Using the trademark ‘Pensador’ defense and use of hammerfists and elbows, Andy Norman demonstrates a form of ground’n’pound on a compliant Uke. This aspect seems quite gimmicky and makes some fundamental mistakes of fighting on the ground, including Norman crossing center line during a strike (exposing himself to a back take from any reasonable BJJ player) and his fairly passive Uke not looking to control posture or fight for a grip. There may be some ideas here that could spawn legitimate strategies in MMA, but if this video is any indication KFM is more likely to teach you bad habits on the ground that would be easily exploited.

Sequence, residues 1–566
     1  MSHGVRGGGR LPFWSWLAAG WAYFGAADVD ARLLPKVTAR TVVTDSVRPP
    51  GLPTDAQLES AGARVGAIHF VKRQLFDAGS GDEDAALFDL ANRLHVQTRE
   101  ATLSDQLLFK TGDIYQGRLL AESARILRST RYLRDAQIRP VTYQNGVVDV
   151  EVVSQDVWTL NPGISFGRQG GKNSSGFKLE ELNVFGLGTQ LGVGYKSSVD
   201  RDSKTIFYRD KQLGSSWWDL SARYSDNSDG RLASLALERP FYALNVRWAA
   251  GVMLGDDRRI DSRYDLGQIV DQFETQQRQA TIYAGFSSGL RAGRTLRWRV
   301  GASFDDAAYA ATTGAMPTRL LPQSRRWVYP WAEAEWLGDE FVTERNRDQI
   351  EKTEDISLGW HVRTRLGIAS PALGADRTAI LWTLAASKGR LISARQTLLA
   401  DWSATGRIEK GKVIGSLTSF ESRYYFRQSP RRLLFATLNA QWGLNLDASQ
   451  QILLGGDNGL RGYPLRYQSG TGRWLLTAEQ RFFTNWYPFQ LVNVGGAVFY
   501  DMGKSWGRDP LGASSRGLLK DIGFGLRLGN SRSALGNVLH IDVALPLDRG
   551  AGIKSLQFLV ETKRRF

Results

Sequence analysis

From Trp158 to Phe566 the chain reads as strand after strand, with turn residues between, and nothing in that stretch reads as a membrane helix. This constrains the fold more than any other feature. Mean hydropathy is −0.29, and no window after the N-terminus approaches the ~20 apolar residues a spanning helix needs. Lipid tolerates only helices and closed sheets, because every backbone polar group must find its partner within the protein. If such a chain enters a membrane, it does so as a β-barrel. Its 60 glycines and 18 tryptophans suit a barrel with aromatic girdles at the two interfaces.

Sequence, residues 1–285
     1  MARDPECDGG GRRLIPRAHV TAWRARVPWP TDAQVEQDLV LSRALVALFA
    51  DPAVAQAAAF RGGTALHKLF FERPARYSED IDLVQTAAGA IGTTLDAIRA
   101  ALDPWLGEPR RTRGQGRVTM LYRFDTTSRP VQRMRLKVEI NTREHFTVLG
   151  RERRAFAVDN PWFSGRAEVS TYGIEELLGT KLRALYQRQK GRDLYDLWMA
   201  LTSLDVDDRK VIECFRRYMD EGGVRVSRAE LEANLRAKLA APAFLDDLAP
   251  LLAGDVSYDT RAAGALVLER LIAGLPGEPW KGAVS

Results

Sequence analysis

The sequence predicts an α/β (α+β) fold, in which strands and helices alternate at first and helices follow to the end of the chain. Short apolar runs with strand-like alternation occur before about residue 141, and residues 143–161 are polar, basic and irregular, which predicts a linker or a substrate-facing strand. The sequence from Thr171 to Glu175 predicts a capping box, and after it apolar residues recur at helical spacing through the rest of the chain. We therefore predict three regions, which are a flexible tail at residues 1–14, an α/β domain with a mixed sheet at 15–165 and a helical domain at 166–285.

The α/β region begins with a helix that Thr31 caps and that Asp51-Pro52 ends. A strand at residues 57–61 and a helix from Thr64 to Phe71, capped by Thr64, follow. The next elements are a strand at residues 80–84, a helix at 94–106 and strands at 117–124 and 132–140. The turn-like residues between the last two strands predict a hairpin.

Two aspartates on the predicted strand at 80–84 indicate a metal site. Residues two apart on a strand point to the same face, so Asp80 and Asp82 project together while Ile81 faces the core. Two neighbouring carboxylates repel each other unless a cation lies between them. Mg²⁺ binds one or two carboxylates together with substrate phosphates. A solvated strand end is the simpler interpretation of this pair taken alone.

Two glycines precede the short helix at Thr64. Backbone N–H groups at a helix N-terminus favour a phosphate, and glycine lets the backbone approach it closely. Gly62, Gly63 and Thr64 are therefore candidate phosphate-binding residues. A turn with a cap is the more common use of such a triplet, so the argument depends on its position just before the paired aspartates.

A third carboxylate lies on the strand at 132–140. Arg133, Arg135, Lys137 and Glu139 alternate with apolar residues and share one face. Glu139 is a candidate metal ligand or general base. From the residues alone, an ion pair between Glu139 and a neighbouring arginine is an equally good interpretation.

Here Justo Dieguez demonstrates the KFM in action against an opponent where there’s a wall involved. I’ve decided to look at these because of the use of the cage fence in MMA to see if there are any applications that can transfer over:

In the first video Dieguez reacts when his attacker tries to clinch the back of his head and dirty box him, and ends up using his elbows to strike and beat the opponent up against the wall. It’s unlikely outside of the lowest levels of MMA that anyone would reach and over extend themselves that badly to grab the back or your head, let alone telegraph the follow up punch in such a wide, looping arc, although that’s more believable from an untrained aggressor, which tends to be the focus in possible scenarios KFM addresses.